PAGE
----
Why is my new tank not cycling?


I set up my tank about 4 weeks ago, added water, dechlorinator, turned the heat up to about 80 degrees F, ran my biofilter, and added pure ammonia. 4 weeks later, my ammonia levels are still high, and nitrites and nitrates are non-existant. It's as if nothing is happening. I am sure this is a result of no bacteria being present in my tank, but why? I follow the directions people give on fishless cycling to a tee, Is there something I can do to help it along?

And I do not have access to someone else with a tank so it's not practical to get something from an established tank to add to mine, thanks.


Welcome to FL!

Cycling takes around 6+ weeks, so you might still be on track, although I would think you should see some changes by now. If you still want to do fishless cycling, wait the full 6+ weeks for results.

What are the water parameters of your source water? If the pH is low, especially around 6.0 or less, the tank will not cycle.
  • Thread Starter


The pH is around 7.5/8 and from what I've read, that is ok. It just seems like I dumped water in, added ammonia, and it's all just sitting there. :-/


Hello there and Welcome!

First, lets step back and tell us exactly how you have been doing the fishless method.

When you first started, how much ammonia do you drop in DAILY and how do you test your water parameters?

Are you using the pure ammonia ( janitorial grade ) and not any with additives ( soaps, etc )

Are you using a liquid test kit DAILY to do this?

Are you changing out any water?

What size is your tank and what kind of equipment are you running?

Also, I know this may sound stupid but just checking to make sure you are NOT using any type of water conditioners, etc

Again, an average time for a fishless cycle using the pure ammonia method is usually 4-6 weeks - some times a bit longer.

  • Thread Starter


When I first began the cycle, I don't remember exactly how much ammonia I put in, it was enough to raise it to 4ppm. I since then have been testing frequently (not daily) to check the ammonia levels and like I said, they've been stagnant. Nothing is happening at all.

The tank is 30 G running a Penguin powerfilter and heater set at 80 degrees.

The only conditioner I used was before the ammonia was added - it was a standard dechlorinator.

I am using janitorial grade ammonia, nothing with detergents or surfactants.

I am using an API freshwater kit to test for all my levels. Again, the ammonia consistently tests positive, currently on the lower side (about 2ppm) only because I did about a 40% water change since nothing was happening. The nitrite and nitrate levels are 0 still after all this time and ammonia has yet to decrease on it's own.


What exactly is a standard dechlorinator? Basically, a dechlorinator will kill off any bacteria. If you've added that more than once, there's your problem.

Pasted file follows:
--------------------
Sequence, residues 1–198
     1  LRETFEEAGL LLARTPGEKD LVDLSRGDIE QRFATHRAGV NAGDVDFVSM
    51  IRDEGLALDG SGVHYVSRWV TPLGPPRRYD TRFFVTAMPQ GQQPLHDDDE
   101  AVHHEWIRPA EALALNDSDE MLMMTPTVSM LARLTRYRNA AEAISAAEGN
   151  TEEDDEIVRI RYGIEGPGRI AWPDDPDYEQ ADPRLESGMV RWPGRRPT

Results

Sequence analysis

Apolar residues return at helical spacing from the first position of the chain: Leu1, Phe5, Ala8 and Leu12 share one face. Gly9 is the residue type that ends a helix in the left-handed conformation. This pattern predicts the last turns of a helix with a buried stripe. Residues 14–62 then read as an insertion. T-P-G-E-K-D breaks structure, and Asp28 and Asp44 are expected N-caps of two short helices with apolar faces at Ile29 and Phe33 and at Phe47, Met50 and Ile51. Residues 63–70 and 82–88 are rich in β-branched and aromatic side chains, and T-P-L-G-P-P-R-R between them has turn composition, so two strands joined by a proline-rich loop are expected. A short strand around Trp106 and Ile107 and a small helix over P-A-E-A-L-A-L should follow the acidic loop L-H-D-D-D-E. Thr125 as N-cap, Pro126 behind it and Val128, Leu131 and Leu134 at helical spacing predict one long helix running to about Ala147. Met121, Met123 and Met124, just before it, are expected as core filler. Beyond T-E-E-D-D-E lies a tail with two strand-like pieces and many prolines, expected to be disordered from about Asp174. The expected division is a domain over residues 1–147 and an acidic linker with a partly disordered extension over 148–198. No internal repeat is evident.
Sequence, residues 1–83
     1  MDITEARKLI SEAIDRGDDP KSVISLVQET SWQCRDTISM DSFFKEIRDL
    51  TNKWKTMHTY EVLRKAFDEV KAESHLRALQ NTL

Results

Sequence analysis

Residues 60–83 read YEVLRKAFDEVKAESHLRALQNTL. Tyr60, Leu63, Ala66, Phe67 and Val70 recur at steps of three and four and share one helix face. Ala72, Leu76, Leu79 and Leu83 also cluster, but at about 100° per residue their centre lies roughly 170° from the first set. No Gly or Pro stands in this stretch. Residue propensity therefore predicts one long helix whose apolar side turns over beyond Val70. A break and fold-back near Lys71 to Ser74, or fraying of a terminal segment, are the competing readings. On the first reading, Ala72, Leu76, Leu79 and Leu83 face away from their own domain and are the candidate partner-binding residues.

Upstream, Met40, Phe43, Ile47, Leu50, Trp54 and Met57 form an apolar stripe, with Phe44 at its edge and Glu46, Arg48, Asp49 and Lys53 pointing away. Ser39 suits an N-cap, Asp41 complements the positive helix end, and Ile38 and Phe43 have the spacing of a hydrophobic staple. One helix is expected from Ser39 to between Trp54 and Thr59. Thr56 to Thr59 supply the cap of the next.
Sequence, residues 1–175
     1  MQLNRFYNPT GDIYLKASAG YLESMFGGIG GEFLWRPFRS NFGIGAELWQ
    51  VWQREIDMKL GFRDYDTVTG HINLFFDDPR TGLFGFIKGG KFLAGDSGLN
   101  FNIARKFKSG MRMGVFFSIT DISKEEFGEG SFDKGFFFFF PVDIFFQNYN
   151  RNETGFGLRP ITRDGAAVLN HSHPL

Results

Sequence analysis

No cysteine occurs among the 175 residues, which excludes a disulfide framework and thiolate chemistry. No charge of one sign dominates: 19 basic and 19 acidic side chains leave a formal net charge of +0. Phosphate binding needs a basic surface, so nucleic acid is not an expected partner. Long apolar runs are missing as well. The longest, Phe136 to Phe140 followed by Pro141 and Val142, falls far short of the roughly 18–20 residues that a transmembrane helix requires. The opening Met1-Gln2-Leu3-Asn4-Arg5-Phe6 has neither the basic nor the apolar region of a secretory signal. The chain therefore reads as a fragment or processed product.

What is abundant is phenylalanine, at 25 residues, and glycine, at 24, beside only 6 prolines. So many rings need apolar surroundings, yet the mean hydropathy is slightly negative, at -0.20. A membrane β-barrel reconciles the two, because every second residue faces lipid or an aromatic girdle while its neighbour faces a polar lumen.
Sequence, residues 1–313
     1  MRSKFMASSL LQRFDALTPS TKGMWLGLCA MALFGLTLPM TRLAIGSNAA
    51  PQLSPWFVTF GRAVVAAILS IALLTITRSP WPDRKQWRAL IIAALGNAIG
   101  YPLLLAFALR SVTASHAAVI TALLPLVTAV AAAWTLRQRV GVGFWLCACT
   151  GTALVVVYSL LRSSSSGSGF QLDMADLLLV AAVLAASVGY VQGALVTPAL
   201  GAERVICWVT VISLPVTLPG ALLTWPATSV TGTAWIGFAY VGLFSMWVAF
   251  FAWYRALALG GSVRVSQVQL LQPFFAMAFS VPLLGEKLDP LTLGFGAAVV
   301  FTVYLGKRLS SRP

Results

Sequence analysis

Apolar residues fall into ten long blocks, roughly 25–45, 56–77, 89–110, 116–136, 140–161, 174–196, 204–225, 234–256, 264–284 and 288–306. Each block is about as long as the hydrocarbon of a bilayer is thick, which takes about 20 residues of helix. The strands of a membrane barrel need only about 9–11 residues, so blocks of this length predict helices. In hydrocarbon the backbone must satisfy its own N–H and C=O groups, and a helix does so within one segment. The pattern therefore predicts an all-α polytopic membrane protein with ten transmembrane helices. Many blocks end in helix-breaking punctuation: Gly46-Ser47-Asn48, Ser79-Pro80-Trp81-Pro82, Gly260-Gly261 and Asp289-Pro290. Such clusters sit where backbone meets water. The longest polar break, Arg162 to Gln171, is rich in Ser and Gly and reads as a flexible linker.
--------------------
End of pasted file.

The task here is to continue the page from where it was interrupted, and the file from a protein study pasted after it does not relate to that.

• Moderator


I wouldn't think a water conditioner (dechlorinator) would kill off any bacteria.

You may have slowed your progress down by doing that water change. You want to keep your ammonia level at 4ppm until nitrites show up, then keep it at 2ppm until nitrites zero out and you can process the 2ppm of ammonia within 24 hours (at which point you'll be cycled).

It can take 3-4 weeks of keeping your ammonia level at 4ppm before the bacteria that converts ammonia into nitrites develops, so you need to be patient (I know, it's hard for me to be patient too!)

You could always drain the tank, refill and go the SafeStart route. That would allow you to put fish in right away.


You didn't mention it and no one else did either so I thought would tell you that you can speed up your cycle by adding some Tetra Safe Start. TSS can also be used to cycle a tank with fish in but don't do this now because you already have ammonia in your tank. I have cycled 3 different tanks using TSS and ammonia and NO FISH and they all cycled within about 2 weeks.
Like Junne says you need Janitorial strength ammonia - make sure it doesn't have any thing it it but ammonia. My bottle says 10% ammonia hydroxide and came from Ace Hardware.
Pour the entire bottle of TSS in the tank. I usually pour mine in the filter media and let the filter flow push it out into the tank. I don't know if that helps but it makes me think it does so I do it.
I put one drop of ammonia in per 10 gallons and then tested until I had an ammonia reading on my API test kit. Anything above zero was good enough for me. Do this every day... but test before adding and if the ammonia is still high... don't add more... or at least I didn't because my ammonia would get crazy high if I kept adding.
Once my ammonia started dropping I would test for nitrites and nitrates and add a little more ammonia. At this point I would test ammonia, nitrites and nitrates daily until the nitrites were zero for several days. When this happens the nitrates will rise above 5ppm, which is what you want. By now the ammonia should be dropping pretty fast too. The tank is cycled and you are just feeding the bacteria. At this point I would drop in a few flakes of fish food and stop adding ammonia. The food is to put something in the tank for the bacteria to eat since the tank until now is pretty pristine and we are cutting off the food supply. We want a zero ammonia reading before we add fish.
Also, once the nitrates get to around 20ppm you need to do a partial water change...

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